India is the only country which authorises the sale of medical seats. Donation based admissions are allowed in private colleges. Many colleges take illegal capitation fees which range anywhere between twenty five lakhs and one crore rupees. How many people in India can afford that? And we haven’t even yet talked about the additional expenses -– books, other equipment, hostel or lodging fees for outstation students, transport costs, and so on.
An MBBS degree takes five years, including study and internship. After that if a doctor wants to do post-graduation and specialise, he or she has to qualify for NEET PG. This exam is also not easy. For NEET PG 2019, a total of 1,43,148 candidates had registered out of which 79,633 candidates qualified. But that does not mean that they got admission! In 2019 there were 10,821 Master of Surgery (MS) seats, 19,953 Doctor of Medicine (MD) seats and 1,979 PG Diploma seats offered by 6,102 government, private, Deemed and Central Universities. These figures add up to 32,753 seats. This works out to less than 25% of those who appeared and only abut half of those who qualified! That is why some doctors take time off just to study. And there are coaching classes for this level as well!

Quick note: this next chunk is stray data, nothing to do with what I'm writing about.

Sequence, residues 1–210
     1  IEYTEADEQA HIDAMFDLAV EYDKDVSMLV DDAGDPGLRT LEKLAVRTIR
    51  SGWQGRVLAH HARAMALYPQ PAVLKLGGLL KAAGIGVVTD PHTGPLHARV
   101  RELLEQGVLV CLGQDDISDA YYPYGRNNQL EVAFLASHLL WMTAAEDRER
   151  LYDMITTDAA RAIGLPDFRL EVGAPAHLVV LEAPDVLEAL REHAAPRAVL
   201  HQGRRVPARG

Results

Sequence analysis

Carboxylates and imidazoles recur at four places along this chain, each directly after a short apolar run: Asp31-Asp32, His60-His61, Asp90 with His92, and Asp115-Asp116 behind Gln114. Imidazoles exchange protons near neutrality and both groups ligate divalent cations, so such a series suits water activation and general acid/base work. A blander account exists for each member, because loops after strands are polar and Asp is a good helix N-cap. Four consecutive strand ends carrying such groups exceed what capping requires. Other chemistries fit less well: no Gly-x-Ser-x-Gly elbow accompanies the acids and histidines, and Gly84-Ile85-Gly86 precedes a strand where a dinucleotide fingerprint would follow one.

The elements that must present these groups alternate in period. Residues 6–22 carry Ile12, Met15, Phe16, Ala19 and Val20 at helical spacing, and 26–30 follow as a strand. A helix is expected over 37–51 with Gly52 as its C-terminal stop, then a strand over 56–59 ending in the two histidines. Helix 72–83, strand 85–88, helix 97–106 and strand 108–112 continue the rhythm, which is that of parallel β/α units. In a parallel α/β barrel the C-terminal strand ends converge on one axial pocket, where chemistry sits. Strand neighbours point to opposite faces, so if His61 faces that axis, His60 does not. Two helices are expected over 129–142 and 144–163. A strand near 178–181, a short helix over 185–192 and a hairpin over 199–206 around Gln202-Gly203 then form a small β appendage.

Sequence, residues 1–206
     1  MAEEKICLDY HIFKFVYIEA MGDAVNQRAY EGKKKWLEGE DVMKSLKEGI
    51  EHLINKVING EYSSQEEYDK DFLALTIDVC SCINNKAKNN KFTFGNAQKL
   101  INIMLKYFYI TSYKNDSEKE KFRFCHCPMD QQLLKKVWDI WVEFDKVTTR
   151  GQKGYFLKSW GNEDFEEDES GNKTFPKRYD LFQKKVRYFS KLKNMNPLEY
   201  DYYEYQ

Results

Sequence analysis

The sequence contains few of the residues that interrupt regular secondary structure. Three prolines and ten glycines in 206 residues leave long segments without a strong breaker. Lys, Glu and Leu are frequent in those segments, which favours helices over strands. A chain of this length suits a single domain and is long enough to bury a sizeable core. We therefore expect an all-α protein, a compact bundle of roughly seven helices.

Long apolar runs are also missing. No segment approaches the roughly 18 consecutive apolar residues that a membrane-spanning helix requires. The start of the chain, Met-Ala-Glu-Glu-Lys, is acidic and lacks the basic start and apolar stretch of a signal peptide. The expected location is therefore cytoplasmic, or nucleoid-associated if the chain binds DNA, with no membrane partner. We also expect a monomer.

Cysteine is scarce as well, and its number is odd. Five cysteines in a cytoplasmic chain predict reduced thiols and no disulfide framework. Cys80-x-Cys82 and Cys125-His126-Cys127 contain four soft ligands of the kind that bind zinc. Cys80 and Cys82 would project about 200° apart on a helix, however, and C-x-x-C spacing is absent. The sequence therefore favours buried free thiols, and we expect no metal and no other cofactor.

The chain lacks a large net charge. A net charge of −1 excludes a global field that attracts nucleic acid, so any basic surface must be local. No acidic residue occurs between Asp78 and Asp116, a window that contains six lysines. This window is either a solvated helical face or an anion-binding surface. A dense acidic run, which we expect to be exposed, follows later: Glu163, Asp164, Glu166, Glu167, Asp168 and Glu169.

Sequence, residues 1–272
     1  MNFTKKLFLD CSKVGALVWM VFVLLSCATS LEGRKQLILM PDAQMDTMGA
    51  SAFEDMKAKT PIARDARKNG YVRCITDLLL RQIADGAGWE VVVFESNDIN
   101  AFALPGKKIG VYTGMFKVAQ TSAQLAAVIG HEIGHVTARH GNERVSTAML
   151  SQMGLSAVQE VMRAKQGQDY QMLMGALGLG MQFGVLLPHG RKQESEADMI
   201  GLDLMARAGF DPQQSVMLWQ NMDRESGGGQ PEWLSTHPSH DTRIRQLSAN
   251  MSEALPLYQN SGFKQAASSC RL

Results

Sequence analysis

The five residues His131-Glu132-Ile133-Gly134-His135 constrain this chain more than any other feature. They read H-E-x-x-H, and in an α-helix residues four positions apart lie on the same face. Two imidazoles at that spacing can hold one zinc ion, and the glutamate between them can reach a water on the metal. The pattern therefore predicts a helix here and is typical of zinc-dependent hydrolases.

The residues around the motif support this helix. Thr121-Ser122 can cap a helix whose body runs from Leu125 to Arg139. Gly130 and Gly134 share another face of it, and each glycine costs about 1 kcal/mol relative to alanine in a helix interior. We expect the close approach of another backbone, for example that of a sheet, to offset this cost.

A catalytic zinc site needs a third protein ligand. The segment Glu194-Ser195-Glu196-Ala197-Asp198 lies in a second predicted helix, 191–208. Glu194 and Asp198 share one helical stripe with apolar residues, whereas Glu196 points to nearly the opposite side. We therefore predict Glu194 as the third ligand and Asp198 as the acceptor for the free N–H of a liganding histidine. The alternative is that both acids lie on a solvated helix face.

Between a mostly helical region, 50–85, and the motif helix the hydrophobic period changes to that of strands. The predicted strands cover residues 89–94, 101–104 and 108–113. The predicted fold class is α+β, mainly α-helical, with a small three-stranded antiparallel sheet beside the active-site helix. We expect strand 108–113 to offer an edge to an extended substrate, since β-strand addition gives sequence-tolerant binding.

Some doctors who get admission choose not to take it because the difference in fees between government seats and those in the private sector are mind-boggling. They prefer to try again. In government colleges scholarships or stipends are given, whereas in private colleges, as they say, the sky is the limit for extortion!